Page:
Nonetheless these benefits are in many ways greatly over exaggerated, and in many ways allowing TikTok to return without requiring a sale could prove more beneficial in the long term. Not only would the app’s return be welcomed by its immense audience (estimated 100 million US users), it would also be a clear demonstration of America’s commitment to a less fragmented internet and more open digital economy. Furthermore, revoking the ban would also allow for the opportunity to reassess and reformulate the US’s economic and political strategy with regards to Chinese technology. 

On the economic side, a retraction of the ban could signal the beginning of the end of the US-China trade war. Chinese investors are sure to see the shift from a radical republican president to a centrist democrat one as the perfect opportunity to increase foreign investment, which had been steadily declining recently. Such investment could prove significantly more substantial to the United States in a post covid-19 world as opposed to even in 2019. It is not unimaginable that Biden would look to maximise this opportunity to boost the economy.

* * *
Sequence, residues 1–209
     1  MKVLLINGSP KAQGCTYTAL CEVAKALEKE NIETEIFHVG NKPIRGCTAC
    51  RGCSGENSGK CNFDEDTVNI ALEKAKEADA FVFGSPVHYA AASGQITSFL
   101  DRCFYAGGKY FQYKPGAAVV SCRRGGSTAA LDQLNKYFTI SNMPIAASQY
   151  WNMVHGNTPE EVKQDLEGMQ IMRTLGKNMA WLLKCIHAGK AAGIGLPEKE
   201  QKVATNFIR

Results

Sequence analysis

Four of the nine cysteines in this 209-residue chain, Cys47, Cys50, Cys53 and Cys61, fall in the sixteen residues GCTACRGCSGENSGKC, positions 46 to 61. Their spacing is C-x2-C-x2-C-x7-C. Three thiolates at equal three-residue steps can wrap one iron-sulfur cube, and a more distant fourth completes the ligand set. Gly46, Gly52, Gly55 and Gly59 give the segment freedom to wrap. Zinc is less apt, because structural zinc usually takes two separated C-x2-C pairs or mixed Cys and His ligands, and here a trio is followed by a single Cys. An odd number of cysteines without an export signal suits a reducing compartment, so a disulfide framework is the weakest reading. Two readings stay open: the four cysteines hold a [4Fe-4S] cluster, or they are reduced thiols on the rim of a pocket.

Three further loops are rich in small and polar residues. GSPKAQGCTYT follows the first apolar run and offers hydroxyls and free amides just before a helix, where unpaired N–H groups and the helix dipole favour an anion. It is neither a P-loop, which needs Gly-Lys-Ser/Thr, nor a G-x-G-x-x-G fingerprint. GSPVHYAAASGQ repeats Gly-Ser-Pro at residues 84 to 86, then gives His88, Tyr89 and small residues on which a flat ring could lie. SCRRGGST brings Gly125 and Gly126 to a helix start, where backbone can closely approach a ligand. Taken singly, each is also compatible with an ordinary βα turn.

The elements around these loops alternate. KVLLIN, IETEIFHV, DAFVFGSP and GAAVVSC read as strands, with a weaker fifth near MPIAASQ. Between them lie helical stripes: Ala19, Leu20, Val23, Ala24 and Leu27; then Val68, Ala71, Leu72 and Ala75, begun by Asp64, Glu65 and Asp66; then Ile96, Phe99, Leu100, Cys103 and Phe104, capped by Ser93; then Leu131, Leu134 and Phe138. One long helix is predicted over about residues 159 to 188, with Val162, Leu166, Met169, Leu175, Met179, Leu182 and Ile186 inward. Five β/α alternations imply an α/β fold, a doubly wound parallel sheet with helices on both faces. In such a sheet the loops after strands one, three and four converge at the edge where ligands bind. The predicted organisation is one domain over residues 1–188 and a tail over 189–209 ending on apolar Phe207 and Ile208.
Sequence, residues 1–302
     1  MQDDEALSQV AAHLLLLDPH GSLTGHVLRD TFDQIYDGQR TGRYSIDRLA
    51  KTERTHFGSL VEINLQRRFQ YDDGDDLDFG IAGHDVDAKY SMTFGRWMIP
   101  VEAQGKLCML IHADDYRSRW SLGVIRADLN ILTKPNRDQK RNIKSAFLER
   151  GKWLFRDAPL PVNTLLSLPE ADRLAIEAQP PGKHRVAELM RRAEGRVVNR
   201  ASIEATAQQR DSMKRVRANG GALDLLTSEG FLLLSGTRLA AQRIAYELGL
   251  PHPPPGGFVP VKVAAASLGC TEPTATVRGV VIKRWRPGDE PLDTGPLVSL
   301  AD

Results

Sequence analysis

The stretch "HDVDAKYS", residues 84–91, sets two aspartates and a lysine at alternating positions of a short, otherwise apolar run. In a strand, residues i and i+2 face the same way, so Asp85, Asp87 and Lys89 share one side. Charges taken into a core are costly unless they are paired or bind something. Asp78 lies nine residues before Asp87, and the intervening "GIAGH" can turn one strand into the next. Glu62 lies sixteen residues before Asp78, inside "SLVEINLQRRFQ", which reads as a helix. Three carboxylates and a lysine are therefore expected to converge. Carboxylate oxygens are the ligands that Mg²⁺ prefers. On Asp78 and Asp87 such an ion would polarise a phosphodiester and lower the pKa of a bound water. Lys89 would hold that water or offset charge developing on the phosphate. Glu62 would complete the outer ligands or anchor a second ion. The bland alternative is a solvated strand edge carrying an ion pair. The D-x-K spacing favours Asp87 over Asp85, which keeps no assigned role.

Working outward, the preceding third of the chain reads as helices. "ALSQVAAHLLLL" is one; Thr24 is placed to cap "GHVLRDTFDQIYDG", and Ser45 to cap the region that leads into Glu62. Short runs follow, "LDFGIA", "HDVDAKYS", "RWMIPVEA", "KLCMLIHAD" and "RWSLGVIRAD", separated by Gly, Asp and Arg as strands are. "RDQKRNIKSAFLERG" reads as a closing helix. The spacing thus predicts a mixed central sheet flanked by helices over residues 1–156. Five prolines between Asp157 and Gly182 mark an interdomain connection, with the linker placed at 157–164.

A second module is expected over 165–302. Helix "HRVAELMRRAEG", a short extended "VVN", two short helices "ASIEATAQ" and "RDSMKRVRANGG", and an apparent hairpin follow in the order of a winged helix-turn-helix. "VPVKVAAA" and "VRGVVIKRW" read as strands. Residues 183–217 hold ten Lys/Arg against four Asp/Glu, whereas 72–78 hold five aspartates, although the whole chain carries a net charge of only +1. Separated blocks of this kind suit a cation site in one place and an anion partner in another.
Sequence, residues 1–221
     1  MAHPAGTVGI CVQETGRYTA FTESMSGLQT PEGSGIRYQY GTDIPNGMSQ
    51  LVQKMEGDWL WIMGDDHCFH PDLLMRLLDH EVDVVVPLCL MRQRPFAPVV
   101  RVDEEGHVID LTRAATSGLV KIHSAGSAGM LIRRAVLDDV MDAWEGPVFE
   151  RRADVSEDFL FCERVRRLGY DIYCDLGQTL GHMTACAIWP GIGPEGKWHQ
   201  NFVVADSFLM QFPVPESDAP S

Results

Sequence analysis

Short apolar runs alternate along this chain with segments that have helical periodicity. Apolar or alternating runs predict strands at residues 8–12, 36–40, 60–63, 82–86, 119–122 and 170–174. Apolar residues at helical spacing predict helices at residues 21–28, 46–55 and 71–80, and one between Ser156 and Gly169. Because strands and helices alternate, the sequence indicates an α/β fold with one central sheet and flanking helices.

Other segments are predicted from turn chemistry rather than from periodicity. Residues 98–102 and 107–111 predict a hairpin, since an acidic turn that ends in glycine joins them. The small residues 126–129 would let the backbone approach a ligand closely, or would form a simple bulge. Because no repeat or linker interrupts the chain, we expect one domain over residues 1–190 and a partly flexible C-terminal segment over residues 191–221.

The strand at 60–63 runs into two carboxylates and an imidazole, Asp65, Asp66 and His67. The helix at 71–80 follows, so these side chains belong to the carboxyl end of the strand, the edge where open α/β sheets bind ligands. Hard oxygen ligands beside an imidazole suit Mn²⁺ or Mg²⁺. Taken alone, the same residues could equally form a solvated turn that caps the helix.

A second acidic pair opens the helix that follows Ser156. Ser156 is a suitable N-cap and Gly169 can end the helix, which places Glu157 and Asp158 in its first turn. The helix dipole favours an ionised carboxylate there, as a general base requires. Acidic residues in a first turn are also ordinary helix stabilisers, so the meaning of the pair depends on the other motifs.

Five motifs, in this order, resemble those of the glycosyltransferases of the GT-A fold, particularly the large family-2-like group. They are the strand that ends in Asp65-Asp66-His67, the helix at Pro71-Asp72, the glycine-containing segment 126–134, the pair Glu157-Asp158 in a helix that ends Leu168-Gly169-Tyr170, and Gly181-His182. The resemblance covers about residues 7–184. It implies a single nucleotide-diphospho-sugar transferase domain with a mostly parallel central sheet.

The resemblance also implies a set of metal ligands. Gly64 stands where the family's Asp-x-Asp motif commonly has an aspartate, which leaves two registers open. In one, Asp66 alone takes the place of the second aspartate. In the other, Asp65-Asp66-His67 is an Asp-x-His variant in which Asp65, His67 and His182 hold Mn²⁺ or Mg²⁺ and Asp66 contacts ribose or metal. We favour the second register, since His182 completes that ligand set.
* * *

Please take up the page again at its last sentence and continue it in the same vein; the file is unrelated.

On the political side, the government has to evaluate the success of sanctions levied against Chinese technology and whether that approach of blanket banning will translate effectively to the digital sphere. Not only has the US’s sanctions against certain chinese technologies proved unsuccessful, tools such as VPNs that can negate a ban make this strategy even less effective in the digital space.